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Mi Gente opens first-ever office space in Bryan Center

For the first time in its history, Duke’s Latino/a Student Association has a place on campus to call its own.

At a reception Thursday evening attended by approximately 100 students, staff and faculty, Mi Gente revealed its new office space on the ground floor of the Bryan Center across from the Center of Multicultural Affairs. The opening comes after last year’s executive council submitted a proposal to the Duke administration and the University Center Activities and Events. This year’s council continued the work with faculty to make the group’s goal a reality.

“We really focused on space—a tangible space—because the Latino students are spread out, and there’s very little of us,” said senior Jennifer Moreno, co-president of Mi Gente. “By not having a space, we aren’t always united, and coming together is very important to us."

The office space reveal featured the artwork of approximately 50 students reflecting on what diversity means to them as part of Mi Gente’s Alianza Latina campaign to promote the work of students on campus. Vice President Zamantha Granados, a junior, emphasized how much the campaign has grown in the past year and how much the involvement of alumni and faculty have helped—as was the case with securing the space in the Bryan Center.

With prospective Latino and Latina students visiting campus next weekend as part of Mi Gente’s Latino Student Recruitment Weekend, senior Liliana Fiorenti, co-president, said that the space is a step in the right direction but also a symbol of the future progress that the group can make.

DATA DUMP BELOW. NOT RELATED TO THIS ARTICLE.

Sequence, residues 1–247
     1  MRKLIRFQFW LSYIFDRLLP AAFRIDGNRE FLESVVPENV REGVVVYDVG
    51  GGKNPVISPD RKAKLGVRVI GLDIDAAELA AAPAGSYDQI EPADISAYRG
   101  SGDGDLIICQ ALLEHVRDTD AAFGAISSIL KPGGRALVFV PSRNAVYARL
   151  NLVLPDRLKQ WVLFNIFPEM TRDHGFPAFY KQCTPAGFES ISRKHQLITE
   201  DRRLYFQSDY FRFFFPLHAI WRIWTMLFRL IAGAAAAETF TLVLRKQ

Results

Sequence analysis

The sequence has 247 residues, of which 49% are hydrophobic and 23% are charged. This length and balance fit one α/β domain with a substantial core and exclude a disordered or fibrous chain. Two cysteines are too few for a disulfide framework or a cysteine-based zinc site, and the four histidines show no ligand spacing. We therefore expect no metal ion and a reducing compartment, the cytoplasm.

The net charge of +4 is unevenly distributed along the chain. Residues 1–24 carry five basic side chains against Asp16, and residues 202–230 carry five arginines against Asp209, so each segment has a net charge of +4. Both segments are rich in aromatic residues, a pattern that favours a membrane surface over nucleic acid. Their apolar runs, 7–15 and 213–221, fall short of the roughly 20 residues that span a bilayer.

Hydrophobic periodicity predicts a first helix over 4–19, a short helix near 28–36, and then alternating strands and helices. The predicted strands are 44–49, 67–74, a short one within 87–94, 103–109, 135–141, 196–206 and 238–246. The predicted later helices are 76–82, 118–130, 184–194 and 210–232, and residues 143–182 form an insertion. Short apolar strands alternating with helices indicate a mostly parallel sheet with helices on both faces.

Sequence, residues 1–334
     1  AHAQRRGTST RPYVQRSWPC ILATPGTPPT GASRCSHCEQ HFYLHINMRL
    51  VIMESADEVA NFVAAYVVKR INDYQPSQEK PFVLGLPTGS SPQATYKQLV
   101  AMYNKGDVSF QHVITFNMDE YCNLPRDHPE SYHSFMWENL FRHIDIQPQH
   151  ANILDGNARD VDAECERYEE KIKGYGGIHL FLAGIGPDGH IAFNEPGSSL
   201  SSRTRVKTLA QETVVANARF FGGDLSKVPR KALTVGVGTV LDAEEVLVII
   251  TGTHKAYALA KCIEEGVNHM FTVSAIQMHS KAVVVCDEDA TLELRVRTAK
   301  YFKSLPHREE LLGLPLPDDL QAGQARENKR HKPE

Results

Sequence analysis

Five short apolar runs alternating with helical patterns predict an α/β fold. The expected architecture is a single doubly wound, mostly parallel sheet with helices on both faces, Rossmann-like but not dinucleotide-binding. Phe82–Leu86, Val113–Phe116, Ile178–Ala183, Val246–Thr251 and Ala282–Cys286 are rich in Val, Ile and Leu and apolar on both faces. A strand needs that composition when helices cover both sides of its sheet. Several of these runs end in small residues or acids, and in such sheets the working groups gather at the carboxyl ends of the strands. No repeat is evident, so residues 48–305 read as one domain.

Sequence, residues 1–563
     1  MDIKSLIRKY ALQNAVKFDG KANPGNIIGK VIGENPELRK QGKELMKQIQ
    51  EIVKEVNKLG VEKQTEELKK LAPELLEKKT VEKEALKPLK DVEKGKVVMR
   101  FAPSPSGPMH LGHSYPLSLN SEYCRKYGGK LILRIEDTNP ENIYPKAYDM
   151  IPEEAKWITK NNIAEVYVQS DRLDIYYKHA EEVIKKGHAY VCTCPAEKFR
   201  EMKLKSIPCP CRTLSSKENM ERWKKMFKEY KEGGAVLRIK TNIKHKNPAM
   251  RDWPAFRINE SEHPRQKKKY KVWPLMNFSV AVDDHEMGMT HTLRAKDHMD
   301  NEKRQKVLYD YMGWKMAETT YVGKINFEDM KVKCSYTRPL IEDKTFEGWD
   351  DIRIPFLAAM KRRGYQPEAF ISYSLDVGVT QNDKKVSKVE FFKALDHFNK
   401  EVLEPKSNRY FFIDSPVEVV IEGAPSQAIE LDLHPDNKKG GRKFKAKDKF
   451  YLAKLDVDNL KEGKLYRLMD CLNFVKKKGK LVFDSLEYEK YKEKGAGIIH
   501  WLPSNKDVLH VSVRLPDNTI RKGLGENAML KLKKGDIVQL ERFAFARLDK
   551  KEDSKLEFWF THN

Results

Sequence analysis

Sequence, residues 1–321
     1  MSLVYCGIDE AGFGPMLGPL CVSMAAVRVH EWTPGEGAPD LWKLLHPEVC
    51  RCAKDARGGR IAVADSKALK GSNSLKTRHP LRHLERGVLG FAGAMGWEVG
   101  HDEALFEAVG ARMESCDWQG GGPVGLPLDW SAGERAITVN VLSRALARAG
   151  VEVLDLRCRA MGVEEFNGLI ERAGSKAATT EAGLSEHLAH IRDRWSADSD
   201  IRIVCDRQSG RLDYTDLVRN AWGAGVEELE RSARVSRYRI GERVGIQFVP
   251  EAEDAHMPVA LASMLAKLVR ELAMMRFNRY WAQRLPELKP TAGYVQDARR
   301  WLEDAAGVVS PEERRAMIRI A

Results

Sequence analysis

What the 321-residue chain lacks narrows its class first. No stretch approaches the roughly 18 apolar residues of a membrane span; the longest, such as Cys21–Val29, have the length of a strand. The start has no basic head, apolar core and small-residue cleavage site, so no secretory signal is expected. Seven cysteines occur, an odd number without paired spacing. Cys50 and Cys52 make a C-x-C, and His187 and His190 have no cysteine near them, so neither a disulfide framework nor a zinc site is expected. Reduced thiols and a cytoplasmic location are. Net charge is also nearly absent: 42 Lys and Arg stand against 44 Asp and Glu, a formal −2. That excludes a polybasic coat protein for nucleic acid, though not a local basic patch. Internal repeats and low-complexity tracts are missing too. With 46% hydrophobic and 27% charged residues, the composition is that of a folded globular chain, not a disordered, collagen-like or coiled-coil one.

“This will be an opportunity for them to see that we do have a space on campus but realize that this is not it, [that] we’re not stopping here,” she said. “There’s an increased need for more Latino faculty on campus, for more support for the [Latino/a] Studies [in] the Global South program, for Duke students to recognize the importance of these classes given the changing demographics of North Carolina and the U.S."

Senior Karina Santellano, former co-president and current community interactions chair—who worked on the initial proposal for the space—noted that the limited size of the space should motivate the group to work toward occupying a more prominent area on campus in the future.

“It’s definitely just a temporary space—we’re looking to have a bigger office space because not even our council can fit in there. We have a council of 14 people and 14 people do not fit in there,” she said. “We really want to get a cultural space and make Duke a place where Latino and Latina students can feel comfortable.”

Update: This article was modified to reflect the official name of the Latino/a Studies in the Global South program.


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